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Sexual Feelings and Curiosity


Q: Our almost 4-year-old daughter is an active, happy child. But we are concerned about her tendency to fondle herself whenever she is tired or not feeling well. It happens when she is alone and resting after a busy day. Should we be concerned?

Q: My 5 year old complained about itching in the area of his genitals. A visit to the doctor diagnosed a minor rash. It's cured now, but our son continues to complain of itching. He lies face down on his bed, pressing on his genitals, straining hard. This happens only in the evening, but we are upset to think that he may be masturbating. Will you please advise us what to do about it?

Q: Is it normal for a 4 year old to masturbate? Should I worry about possible sexual abuse?

Q: We are worried about our 5-year-old daughter. She sucks and chews her clothing, bites her nails and sucks on her hands a lot. She picks her nose, rocks in her bed and puts her fingers in her panties, moving rhythmically. All these habits and more seem to send her into her own world; which she prefers to the real world of playing with other kids.

A: I know it will surprise some adults to learn that it is normal for young children to have sexual feelings. Most enjoy exploring their own bodies from late infancy on. Sexual curiosity is normal too for preschoolers and kindergartners. Their discovery of masturbation is a natural part of growing up. It typically takes place at quiet times and is accompanied by thoughts of being close to loving parents. So it serves as a form of self-comfort when a child is alone or anticipates being alone. Masturbatory behavior in a young child is rarely cause for alarm. As to what to do about it, children should not be admonished. But some may need a gentle reminder that this is a private matter.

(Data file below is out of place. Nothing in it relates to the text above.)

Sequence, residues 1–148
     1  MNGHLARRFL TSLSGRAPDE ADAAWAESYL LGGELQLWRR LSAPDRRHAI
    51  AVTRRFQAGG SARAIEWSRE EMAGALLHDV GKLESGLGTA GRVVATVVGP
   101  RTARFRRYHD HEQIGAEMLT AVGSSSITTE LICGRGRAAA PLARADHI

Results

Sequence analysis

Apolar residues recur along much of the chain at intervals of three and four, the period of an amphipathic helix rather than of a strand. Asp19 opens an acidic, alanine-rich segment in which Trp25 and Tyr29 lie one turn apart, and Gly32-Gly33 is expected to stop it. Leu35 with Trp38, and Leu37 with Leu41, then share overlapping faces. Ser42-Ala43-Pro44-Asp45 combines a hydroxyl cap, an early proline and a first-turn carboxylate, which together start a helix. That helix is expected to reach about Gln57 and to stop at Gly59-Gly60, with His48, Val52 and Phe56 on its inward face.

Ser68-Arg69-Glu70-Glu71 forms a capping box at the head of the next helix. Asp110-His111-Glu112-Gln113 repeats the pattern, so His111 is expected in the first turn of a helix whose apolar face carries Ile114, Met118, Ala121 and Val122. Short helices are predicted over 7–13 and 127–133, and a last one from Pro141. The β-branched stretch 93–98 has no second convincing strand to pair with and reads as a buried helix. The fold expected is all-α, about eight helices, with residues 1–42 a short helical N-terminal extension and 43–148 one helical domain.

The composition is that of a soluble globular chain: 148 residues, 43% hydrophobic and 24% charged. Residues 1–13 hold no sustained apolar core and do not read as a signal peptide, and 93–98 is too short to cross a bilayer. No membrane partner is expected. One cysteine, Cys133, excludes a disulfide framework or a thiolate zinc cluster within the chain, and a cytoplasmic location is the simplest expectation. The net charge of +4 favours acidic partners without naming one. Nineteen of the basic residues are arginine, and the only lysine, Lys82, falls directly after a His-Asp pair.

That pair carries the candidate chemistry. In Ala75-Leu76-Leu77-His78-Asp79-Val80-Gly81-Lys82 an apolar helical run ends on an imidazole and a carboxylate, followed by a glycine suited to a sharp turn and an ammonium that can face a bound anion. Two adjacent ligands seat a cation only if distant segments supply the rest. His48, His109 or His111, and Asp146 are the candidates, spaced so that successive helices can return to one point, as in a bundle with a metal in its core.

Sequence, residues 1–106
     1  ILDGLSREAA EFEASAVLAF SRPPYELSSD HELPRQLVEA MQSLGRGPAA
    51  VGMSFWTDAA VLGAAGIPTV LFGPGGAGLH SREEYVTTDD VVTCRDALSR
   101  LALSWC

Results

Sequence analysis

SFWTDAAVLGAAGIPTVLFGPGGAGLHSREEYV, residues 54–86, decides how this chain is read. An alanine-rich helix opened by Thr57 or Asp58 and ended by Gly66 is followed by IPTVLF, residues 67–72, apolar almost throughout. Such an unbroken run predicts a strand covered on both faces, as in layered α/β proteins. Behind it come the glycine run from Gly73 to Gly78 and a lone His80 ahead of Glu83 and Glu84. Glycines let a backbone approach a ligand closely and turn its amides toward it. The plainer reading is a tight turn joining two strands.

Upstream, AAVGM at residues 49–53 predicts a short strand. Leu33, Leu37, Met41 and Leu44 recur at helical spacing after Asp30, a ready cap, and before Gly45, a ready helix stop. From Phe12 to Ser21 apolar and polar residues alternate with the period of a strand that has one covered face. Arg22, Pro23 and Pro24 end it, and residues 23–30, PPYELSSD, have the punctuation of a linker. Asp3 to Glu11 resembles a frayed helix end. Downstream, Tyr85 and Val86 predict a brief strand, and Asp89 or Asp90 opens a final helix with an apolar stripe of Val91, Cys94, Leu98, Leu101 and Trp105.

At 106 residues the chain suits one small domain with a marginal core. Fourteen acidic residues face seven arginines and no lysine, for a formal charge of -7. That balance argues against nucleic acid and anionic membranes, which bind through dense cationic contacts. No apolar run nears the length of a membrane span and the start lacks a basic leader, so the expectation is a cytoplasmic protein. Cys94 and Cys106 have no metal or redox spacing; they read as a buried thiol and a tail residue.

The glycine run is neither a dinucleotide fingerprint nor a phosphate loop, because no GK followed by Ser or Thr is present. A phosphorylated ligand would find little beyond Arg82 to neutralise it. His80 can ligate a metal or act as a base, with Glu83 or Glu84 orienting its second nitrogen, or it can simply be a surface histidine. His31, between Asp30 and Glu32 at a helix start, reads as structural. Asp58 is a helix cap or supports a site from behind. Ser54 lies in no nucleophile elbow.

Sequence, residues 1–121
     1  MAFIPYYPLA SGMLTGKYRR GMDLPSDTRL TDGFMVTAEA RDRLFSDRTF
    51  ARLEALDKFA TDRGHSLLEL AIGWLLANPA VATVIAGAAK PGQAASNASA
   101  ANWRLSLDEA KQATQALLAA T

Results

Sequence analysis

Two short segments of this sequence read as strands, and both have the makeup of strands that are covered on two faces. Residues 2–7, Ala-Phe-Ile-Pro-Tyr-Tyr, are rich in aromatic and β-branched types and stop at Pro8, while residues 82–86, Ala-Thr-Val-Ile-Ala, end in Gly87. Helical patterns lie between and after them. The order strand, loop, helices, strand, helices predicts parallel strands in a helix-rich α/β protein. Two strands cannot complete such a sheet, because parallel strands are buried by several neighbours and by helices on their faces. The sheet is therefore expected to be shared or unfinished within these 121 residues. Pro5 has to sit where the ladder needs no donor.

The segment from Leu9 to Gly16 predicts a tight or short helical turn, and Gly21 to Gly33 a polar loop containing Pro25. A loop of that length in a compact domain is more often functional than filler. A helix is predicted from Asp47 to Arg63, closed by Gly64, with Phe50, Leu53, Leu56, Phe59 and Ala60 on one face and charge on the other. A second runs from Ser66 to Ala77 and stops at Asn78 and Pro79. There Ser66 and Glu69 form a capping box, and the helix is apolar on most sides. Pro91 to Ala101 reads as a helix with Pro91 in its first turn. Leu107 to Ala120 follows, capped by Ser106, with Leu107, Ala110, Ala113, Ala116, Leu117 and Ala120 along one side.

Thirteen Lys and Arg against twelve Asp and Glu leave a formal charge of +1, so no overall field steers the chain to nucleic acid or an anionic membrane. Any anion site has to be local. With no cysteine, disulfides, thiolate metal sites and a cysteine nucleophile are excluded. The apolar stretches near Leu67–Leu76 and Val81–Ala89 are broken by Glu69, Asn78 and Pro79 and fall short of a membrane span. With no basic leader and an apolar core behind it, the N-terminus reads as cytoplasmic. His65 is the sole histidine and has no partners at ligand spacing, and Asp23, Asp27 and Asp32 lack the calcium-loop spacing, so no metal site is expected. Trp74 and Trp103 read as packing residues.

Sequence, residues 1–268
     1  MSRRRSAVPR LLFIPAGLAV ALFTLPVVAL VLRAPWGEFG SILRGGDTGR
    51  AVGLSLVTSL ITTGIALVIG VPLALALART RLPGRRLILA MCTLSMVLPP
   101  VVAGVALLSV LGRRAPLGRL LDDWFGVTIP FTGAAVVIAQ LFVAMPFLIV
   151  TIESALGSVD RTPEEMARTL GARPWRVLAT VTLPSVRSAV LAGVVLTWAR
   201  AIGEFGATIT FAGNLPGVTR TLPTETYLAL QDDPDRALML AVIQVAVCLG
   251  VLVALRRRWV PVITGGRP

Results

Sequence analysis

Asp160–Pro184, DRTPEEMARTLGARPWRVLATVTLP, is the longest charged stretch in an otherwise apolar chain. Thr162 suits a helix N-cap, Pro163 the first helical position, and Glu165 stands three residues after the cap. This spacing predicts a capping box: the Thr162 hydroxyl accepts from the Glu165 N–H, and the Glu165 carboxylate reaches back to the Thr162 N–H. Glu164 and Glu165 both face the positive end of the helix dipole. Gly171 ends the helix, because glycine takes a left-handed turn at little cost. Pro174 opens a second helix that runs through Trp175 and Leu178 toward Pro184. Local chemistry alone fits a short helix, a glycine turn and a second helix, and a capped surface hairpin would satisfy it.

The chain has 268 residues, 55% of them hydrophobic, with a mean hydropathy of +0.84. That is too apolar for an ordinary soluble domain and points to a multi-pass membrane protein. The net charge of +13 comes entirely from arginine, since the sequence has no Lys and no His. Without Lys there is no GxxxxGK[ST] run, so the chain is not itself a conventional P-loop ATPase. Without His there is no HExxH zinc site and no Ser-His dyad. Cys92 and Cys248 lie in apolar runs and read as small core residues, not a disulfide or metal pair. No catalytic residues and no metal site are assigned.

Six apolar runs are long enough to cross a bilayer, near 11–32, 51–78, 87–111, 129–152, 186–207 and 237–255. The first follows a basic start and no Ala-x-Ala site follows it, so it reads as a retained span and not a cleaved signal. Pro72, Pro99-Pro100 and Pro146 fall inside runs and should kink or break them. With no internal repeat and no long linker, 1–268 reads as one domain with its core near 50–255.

The second question, about the boy who complained of itching, offers an opportunity to point out that some children who sense strong disapproval from their parents may experience itching. In the child's mind, the itching could justify the natural urge to touch himself. His parents need to come to terms with the fact that their son's inclination is expectable in a healthy child. This is not easy for every parent to believe without some counseling from an expert in child development.

The best response to this behavior: Make sure children have regular opportunities to express their thoughts through play with parents. Keep home life calm, respect everyone's right to modesty and privacy, and take children's questions about anything at all in stride.

Sexual Abuse and Other Reasons to Worry
There are children who have been sexually abused, and who may masturbate — often at inappropriate times and places. But, unless there is a reason to suspect abuse in a particular situation, it is not a likely explanation for masturbation.

In contrast to the first three parents' questions, the last one paints a rather worrisome picture of a child who is apparently spending much of her time trying to cope with unusual levels of anxiety through numerous self-soothing habits. Her "fear-drive" behavior leaves little time or energy for ordinary activities. Instead, she is compelled to engage in perpetual self-soothing of many sorts, which leads me to conclude that this child may need expert help.

Fear of bodily harm can lead other children to keep checking to be sure their body parts are intact. If you sense that your child's masturbatory behavior is a way of managing worries or fears, seek the help of a child psychiatrist or psychologist. But such situations are the exception, not the rule. Young boys and girls with full, rich lives are still inclined to explore and enjoy their own bodies at quiet times.

About the Author

Adele M. Brodkin, Ph.D., is a psychologist, consultant, and author of many books, including Fresh Approaches to Working With Problematic Behavior and Raising Happy and Successful Kids: A Guide for Parents. In addition, she has written and produced award-winning educational videos.

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